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Auditors: Oakland spent $800K in stimulus money

State auditors are questioning the way the city of Oakland has spent more than $800,000 in federal stimulus money.
April 21, 2010 4:43:43 PM PDT
A state audit has found that the city of Oakland's use of federal stimulus money includes a lack of a valid contract, inadequate review of contractors' reimbursement requests, significant accounting errors and inflated job numbers.

State Inspector Laura Chick's report analyzed the use of $3.1 million of American Recovery and Reinvestment Act money by the Oakland Workforce Investment Board, which is a city agency, and the nonprofit Oakland Private Industry Council, which received all of the stimulus funding in question.

The Recovery Act helps provide funding for local workforce investment boards for summer youth, adult and dislocated worker programs.

The report, which was sent to Gov. Schwarzenegger on Tuesday, said one problem is that the Private Industry Council used Recovery Act money when its regular funding wasn't available.

Chick told Schwarzenegger, "Some of the mistakes we found can be traced directly to the fact that the city of Oakland did not receive its regular Workforce Investment dollars in a timely way. They received their Recovery dollars first and began to spend these funds on non-Recovery activities."

Chick said, "From this initial misstep flowed several of the other problems which included: inflated job numbers, lack of transparency, and accounting mistakes."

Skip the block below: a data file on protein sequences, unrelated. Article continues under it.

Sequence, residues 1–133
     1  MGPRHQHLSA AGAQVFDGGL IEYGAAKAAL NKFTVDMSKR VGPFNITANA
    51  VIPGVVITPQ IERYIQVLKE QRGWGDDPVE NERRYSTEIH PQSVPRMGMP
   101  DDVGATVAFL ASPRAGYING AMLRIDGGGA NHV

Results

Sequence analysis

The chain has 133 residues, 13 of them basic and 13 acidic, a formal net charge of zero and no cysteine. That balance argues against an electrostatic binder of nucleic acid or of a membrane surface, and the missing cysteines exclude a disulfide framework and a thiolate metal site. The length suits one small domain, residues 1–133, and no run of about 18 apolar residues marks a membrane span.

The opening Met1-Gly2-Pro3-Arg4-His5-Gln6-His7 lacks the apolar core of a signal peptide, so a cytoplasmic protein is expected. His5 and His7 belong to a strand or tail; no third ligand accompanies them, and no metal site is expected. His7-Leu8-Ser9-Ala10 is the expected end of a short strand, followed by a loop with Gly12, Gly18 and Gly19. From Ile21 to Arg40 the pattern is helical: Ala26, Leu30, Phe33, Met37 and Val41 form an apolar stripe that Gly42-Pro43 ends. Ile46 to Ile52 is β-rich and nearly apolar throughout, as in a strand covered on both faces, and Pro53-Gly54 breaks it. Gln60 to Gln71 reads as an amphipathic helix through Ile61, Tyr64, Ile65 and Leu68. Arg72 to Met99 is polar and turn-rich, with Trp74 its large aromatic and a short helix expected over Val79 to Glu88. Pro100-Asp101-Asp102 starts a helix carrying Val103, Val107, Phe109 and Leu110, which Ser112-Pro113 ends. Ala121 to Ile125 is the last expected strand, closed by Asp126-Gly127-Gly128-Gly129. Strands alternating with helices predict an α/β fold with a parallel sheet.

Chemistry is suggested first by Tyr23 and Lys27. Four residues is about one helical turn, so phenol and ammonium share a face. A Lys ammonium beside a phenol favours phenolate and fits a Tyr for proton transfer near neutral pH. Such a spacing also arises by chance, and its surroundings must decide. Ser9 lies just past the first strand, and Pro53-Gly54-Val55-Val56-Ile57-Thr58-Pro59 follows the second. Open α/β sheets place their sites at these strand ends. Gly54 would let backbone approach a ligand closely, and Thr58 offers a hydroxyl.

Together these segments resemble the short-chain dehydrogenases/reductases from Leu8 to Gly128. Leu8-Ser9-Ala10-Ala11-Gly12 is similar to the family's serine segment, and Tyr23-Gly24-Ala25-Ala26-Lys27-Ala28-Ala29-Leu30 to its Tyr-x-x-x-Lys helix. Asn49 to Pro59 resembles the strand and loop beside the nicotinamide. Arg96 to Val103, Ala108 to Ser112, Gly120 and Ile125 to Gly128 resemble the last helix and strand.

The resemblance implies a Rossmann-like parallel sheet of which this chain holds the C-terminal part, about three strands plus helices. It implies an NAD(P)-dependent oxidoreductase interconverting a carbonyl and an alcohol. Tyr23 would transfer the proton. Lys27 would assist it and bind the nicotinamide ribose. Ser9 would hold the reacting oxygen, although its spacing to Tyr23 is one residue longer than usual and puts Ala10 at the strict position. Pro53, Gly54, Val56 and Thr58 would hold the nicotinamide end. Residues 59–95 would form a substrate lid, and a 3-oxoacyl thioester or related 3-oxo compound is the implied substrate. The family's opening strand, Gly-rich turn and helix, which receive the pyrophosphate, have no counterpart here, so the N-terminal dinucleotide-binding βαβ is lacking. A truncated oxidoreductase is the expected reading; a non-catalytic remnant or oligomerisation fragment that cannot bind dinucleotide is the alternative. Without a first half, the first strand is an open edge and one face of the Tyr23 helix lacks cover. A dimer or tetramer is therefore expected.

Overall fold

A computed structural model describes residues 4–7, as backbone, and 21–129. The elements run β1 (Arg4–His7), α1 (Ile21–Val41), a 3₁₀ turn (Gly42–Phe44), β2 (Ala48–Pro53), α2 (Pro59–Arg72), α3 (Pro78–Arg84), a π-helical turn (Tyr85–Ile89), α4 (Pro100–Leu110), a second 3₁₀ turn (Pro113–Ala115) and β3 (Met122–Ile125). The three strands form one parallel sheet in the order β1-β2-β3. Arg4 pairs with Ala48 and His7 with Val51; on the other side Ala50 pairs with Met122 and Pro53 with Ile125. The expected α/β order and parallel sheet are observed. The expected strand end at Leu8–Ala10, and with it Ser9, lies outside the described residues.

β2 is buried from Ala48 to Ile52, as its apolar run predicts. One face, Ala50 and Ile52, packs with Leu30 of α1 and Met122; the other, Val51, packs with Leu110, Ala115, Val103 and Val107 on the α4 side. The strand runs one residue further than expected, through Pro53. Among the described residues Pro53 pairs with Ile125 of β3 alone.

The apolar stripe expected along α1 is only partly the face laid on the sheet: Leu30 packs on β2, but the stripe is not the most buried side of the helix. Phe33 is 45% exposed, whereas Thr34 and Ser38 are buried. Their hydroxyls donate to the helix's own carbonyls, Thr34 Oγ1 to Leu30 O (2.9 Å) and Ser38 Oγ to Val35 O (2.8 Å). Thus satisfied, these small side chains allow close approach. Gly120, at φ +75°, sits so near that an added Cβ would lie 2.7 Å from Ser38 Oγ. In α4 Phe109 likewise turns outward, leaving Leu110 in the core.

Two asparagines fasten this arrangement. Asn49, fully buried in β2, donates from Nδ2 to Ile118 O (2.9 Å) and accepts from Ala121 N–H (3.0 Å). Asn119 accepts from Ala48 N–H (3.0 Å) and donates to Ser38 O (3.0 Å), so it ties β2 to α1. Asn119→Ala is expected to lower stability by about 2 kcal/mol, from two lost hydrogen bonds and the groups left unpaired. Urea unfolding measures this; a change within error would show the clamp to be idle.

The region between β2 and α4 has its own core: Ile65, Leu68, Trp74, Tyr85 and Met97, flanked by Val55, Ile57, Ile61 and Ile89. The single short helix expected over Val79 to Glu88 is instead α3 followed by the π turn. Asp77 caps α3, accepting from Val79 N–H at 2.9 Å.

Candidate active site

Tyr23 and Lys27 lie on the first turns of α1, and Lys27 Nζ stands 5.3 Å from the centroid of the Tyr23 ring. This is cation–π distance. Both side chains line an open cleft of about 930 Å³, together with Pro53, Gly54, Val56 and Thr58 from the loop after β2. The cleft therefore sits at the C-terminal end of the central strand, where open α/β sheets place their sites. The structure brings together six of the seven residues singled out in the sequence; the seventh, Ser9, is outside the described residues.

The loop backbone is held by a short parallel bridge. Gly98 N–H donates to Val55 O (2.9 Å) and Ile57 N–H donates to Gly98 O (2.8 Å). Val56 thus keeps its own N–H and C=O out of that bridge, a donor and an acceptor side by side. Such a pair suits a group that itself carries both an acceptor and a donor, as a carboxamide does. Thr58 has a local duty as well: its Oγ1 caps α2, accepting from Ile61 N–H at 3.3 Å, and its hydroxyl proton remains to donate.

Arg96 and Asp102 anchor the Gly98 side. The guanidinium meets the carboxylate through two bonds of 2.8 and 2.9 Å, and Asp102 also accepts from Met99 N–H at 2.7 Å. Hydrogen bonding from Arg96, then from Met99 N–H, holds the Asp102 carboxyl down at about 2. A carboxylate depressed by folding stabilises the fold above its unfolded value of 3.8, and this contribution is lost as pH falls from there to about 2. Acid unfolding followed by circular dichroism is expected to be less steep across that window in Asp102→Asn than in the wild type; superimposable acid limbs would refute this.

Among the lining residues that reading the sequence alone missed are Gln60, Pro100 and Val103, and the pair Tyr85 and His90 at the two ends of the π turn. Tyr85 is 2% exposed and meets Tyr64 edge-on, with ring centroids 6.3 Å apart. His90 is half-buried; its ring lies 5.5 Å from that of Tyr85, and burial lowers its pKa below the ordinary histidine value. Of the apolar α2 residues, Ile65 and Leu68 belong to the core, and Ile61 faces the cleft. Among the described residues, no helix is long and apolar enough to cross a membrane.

The report also found that reimbursement requests were inadequately reviewed.

In one example, it said the Spanish Speaking Citizens Foundation was reimbursed $2,806 for field trips to the Santa Cruz Beach Boardwalk, Waterworld USA and Washington Park.

The report says stimulus-funding guidelines specifically state that costs for entertainment are unallowable.

Chick pointed out her review of San Francisco's Workforce Investment Board found no reportable issues.

In a lengthy written response to the state audit, Earl Johnson, interim executive director of the Oakland Workforce Investment Board, said the city had already acted on many of the report's recommendations before it was released.

Johnson also said he thinks some of the report's findings are "inaccurate."

He said, "We take our duties to administer and monitor the use of all public funds, especially ARRA (Recovery Act) funds, very seriously. The city and our partners have and continue to engage in required oversight and monitoring to ensure public accountability and transparency."

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